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The link below answers most of my question perfectly, but I wanted to expand upon it with my own situation:

How to "scan" a website (or page) for info, and bring it into my program?

The answers for this question are great for gathering information from one web page. But how would I scrape information for multiple websites that are owned by local businesses?

For example, if I want to scrape information from a city website in an android app, the URL is going to be based on the geo location of the user and what city they're in.

I want the code to identity the geo location of the user, go to an official website that is owned by that city/shows information based on that city, and then scrape that page for information.

How could I modify this code in order to scrape information from pages that are based on the location of the user, instead of one predetermined site?

I know to get information from one site, you would specify the URL link as so.

public static void main(String[] args) throws Exception {
    String url = "http://stackoverflow.com/questions/2835505";
    Document document = Jsoup.connect(url).get();

But how would you write it so that the URL link is determined by the users location? Another example would be a local fire department. The URL is determined by whatever city the user is in, and the fire department website of that city. Or, a city hall website. The android app would identify the geo location, and then search for that city's official city hall website, and then scrape information from that page. Another example is a weather widget, which is also gathers information that is determined by city.

Could someone help me expand upon this answer? I know the previous question answers most of my question, but I would like to know about this particular instance.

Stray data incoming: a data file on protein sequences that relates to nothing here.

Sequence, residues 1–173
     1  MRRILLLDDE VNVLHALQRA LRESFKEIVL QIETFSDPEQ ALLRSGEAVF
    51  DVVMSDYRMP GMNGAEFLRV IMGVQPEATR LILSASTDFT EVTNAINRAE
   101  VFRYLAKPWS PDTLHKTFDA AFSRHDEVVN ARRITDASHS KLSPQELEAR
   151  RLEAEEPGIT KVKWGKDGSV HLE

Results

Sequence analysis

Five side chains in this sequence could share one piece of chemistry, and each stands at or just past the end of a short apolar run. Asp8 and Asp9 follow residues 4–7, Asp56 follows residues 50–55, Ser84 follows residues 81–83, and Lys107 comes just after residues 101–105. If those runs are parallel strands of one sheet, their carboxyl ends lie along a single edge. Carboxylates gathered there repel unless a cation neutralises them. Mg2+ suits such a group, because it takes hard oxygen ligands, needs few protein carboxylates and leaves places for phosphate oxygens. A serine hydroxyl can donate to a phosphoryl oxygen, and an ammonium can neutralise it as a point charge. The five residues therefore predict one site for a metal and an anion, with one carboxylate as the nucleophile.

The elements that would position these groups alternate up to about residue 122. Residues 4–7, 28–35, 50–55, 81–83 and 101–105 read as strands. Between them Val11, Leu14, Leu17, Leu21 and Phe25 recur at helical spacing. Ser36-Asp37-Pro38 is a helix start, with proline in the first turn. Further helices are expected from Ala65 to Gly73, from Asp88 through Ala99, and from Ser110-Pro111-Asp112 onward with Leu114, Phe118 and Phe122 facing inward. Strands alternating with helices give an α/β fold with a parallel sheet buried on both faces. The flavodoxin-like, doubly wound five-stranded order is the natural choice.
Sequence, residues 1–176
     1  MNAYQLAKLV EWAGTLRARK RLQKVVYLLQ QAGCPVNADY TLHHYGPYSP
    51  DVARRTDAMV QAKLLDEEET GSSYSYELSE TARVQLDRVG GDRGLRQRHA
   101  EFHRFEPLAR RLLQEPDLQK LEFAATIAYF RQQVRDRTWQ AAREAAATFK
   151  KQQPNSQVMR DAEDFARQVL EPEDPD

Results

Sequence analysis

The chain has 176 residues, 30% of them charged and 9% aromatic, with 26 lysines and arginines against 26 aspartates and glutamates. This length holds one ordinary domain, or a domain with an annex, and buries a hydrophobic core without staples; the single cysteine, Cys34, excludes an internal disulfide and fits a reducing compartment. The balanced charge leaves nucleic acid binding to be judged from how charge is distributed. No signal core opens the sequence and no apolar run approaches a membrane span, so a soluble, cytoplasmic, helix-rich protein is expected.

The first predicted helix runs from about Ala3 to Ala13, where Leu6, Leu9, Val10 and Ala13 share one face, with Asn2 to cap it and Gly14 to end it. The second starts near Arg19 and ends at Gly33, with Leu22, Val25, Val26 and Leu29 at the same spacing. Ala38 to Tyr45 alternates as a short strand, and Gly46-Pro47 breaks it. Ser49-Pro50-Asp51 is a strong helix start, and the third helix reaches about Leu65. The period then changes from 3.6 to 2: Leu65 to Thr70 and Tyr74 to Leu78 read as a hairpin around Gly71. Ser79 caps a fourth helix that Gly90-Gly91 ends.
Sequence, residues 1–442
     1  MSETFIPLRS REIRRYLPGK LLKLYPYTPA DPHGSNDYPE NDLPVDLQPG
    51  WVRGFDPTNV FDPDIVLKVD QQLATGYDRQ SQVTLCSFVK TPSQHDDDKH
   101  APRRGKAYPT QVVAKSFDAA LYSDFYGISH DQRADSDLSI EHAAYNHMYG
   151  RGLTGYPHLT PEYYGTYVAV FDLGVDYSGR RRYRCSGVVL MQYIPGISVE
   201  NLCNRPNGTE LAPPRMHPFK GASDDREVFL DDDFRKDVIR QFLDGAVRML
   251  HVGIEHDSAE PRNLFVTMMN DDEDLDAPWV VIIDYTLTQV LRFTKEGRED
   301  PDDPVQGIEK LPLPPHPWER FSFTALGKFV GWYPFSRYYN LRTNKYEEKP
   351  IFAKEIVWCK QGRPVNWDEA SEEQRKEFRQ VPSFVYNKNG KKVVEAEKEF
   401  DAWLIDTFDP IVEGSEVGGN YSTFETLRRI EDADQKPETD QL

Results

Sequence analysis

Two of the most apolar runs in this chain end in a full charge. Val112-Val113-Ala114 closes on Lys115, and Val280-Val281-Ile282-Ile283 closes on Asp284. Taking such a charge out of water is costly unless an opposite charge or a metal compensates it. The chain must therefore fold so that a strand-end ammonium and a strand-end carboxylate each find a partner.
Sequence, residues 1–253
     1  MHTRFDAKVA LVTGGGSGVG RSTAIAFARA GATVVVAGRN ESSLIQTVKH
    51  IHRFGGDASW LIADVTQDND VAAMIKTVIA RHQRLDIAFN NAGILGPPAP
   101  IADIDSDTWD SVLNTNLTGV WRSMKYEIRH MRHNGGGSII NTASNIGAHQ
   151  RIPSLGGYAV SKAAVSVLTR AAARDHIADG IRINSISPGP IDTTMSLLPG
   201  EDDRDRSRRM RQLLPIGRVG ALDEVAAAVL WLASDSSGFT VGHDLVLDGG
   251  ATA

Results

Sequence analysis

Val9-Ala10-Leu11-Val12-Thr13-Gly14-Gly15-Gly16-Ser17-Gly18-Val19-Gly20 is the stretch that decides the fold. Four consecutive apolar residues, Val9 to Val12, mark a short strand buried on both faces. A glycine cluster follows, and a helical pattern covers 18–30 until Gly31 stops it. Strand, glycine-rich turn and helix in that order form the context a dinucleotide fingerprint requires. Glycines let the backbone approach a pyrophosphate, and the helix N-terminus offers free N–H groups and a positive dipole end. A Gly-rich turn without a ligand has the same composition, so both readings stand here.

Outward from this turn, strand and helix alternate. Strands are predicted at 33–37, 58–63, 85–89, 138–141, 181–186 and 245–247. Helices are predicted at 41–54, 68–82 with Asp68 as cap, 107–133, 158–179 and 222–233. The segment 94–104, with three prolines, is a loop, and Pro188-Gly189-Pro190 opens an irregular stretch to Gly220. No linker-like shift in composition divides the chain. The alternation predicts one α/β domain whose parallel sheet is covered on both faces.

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closed as too broad by hek2mgl, Tetsujin no Oni, Andy G, ChristopheD, Simon MᶜKenzie Jun 12 at 23:00

There are either too many possible answers, or good answers would be too long for this format. Please add details to narrow the answer set or to isolate an issue that can be answered in a few paragraphs.If this question can be reworded to fit the rules in the help center, please edit the question.

Imho you should always have a list of some kind. Like in Italy county web sites have extension .comune.it so I'll get the location from the app and then try something like countyname.comune.it. –  dierre Dec 15 '13 at 16:15

1 Answer 1

You're probably going to need to enlist some help, like using the Google Places API. Without using an API, you've got a couple of choices, none of which are pretty.

One is to find the local fire department by searching all websites everywhere, keeping track of which have text or metadata like "fire department" and "Anywhere, California". Basically, you become Google. Fine if you've got the resources, but problematic. The fire department might just list "Anywhere", leaving out California. They might list themselves as "Anywhere City, CA". Or something else.

Another is to try different naming conventions for the website. Also not fun. Is my local firedepartment at fire.anywhere.gov? fire.anywhere.org? Something else? (In my city, it's anyfire.org , so if you didn't know a common abbreviation for my town you'd be stuck). And what if you find fire.anywhere.org, but it's not the fire department, it's something else? Yuck.

So really, go with one of the APIs out there. Your life will be so much better.

Part 2: Scraping the info

Again, go with APIs where ever possible. Want weather? There are a number of weather services that will give you weather in a standard XML or JSON format if you give them GPS info, city name, postal code, etc. Make use of a known API instead of trying to scrape.

What info are you trying to get from the city hall? It may be available in a standard format somewhere else, such as one of the Google or Yahoo APIs. Make your life easy, and use them. Trying to scrape unformatted info in natural language is not a trivial task.

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